As mentioned hereinabove, in order to get an unambiguous range determination, one has to ascertain in which range cell the moving object is. This is simply accomplished by adjusting the frequency separation between the tones to establish a large enough range cell so that one with confidence can ascertain that the moving object is within the range cell. Also, as mentioned before, amplitude-sensitive techniques can determine which range cell the object is in, since the amplitude of returns from objects farther away will be considerably reduced.
What has been described hereinabove is a system for robustly detecting the presence and range of a moving object within a building or behind the walls of a structure in which a multi-tone CW beam is projected through the wall and in which the range of a moving object or individual from this particular radar is determined. How to obtain instantaneous position is now described.
Assuming that one duplicates the radar of
The result of using the two-tone system of
Likewise, swath 158 defines the possible positions of an individual or moving object relative to the second radar, radar 14′, such that the swath of ranges is indicated by swath 158 as Band 2.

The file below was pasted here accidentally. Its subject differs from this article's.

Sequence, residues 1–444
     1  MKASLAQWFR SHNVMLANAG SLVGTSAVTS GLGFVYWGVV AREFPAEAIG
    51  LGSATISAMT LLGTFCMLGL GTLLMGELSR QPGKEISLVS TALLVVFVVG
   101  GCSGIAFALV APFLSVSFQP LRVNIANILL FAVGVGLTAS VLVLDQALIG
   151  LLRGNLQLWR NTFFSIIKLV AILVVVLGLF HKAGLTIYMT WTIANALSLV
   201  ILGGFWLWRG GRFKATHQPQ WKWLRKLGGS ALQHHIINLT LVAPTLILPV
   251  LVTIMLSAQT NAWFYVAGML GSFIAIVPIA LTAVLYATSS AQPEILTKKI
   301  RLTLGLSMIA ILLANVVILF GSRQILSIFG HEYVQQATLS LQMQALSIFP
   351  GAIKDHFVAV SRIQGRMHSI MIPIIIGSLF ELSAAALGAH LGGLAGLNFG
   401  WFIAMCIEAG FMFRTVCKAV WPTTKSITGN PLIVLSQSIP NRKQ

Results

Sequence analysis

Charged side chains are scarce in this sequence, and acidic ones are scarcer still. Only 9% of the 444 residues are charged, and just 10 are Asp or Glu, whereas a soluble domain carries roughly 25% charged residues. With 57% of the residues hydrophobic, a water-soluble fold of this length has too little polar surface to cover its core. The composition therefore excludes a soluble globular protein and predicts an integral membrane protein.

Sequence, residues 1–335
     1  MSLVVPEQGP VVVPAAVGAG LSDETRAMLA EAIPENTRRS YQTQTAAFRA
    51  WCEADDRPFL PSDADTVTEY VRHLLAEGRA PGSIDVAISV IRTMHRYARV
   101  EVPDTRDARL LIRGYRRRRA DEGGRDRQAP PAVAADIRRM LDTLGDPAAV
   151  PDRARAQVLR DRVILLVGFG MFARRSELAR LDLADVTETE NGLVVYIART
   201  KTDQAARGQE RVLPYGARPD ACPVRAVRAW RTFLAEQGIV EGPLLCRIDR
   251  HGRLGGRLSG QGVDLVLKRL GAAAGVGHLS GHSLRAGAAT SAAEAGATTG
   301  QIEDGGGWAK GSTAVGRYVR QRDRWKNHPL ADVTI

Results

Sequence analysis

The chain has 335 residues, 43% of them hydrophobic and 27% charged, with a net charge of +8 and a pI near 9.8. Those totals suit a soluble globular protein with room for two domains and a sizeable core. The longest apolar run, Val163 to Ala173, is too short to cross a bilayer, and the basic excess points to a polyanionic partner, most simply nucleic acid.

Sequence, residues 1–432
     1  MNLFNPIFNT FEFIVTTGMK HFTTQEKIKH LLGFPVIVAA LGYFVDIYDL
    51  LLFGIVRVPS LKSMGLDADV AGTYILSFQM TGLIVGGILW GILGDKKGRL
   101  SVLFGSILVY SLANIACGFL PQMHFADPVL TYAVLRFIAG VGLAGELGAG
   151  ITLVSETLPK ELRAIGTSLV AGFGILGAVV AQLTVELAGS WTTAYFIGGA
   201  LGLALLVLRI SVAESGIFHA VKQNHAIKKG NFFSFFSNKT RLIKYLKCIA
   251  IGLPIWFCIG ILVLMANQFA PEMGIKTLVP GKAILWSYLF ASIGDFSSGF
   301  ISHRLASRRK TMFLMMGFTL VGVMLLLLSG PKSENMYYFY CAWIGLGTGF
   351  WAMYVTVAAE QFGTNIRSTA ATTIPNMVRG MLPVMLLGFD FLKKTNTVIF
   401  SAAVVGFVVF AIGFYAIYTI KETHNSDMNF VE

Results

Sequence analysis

From this point it is possible to detect the overlap of Band 1 and Band 2 at position 160 to be able to compute the instantaneous position of the moving individual.
The use of multiple multi-tone CW radar range finding systems, each projecting a beam at different angles through the area to be surveilled, provides not only for the range of a moving individual or object from each of the radars but also the overlap provides for the position as well.
The area of overlap 160 is determined by the width of the various swaths, which is in turn determined by the difference in frequencies of the multi-tone radars, it being noted that the range bands can be determined ahead of time as described hereinbefore. The range bands are to occur in the nearest zone to each of the radars such that by projecting RF energy through walls of a building or other structure from two spaced-apart radars, one can triangulate on the position of the moving object or individual.
In order to do so and referring now to
The signals from antennas 86 and 86′ are picked up for this purpose by antenna 164, with the output of the receiver being coupled to an overlap detector 166 that taking the range derived from the two radars and the position of their antennas available over line 167 calculates the overlap area and its position relative to the positions of the two radars used in the through-the-wall sensing system.